The main problem is, these people are not here in the US. Hence their language skills can not get any better just by trying to talk to someone on the phone. Most of them are in India, using a VoIP number provided by the only one or two person(s) who are actually here to collect commissions.
Since I am not actively seeking new employment, I can be selective about answering my phone. Hence, I never have to talk to them. The ones, who are desperate, start sending emails. At that point, if I anything catches my attention, I usually copy the first couple of sentences from the technical portion of job requirements and perform a google search. If I am unlucky, I will see the same job description posted by tons of "consulting" companies (read as commission based head hunters from India) and I really have to sift through the chaff to get the real wheat. Most of the time though, you will find in the first page of results, which company is actually hiring. If you are really interested, you should go around the so called consulting companies and directly deal with the employer.
Sometimes, employer is not the actual company but an outsourcing firm, usually from India. Likes of Wipro, Tata, etc. In which case I immediately lose interest, knowing how these sweatshops operate. If you end up with a prominent consulting company, based in US, such as Robert Half, Experis/Manpower, KPMG etc, you can contact these companies. Usually, the search result you find, will have some sort of initial contact information.
To warn you about the worst part of this scam, these people make you accept something to the sense of they are the sole submitter of your name for the position. If you agree to that, you will be giving them a portion of your paycheck, without them doing nothing but finding the job listing you can easily find and finding your resume at the same time. In most of these cases, they are making unsolicited submissions. And if you accepted it (and to be submitted to these positions you have to accept that offer), it puts the actual hiring company into a bad situation. They can not extend you an offer easily. There are ways around these scam artists, but if the company has enough talent to pick and choose from, your candidacy will not be considered to avoid such hassle.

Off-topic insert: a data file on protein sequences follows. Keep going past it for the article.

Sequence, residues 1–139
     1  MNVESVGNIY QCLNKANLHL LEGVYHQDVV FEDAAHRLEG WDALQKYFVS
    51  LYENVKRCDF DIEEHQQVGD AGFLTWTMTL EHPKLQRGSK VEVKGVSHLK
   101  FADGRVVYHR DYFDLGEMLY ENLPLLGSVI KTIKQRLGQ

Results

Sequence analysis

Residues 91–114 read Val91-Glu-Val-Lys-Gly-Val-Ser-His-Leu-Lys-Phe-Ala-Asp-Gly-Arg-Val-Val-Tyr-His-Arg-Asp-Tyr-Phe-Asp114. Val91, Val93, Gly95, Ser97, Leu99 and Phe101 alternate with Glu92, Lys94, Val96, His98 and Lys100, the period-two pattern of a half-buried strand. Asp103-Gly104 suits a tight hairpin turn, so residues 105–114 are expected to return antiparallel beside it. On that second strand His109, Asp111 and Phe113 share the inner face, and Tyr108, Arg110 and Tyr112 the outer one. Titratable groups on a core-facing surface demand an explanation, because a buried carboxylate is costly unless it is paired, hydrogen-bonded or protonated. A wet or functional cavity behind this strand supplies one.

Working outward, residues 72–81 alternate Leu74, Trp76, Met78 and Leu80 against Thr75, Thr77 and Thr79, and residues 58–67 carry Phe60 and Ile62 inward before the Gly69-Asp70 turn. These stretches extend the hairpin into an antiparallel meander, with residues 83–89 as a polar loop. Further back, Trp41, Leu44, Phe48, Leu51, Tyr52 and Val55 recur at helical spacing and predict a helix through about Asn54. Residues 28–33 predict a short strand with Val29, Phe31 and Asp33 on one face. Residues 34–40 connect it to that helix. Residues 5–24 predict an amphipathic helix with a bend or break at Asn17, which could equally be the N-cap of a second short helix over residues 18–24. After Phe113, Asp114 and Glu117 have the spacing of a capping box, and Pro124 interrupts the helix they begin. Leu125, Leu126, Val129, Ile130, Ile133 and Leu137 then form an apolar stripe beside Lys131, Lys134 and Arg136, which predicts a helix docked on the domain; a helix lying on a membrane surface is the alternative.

So, all in all, talking to these people with thick accents is mostly a losing battle from the start. But if you are going to do it anyway, my advice is, never give them an expected salary or hourly rate and never accept the first offer they are going to make. If you do, you are handing them undeserved amount of money from your hard work.
I know I went a bit off tangent here but having to deal with these people for the good part of last two decades,gave me a different perspective and thought you might benefit from that. If not, my apologies.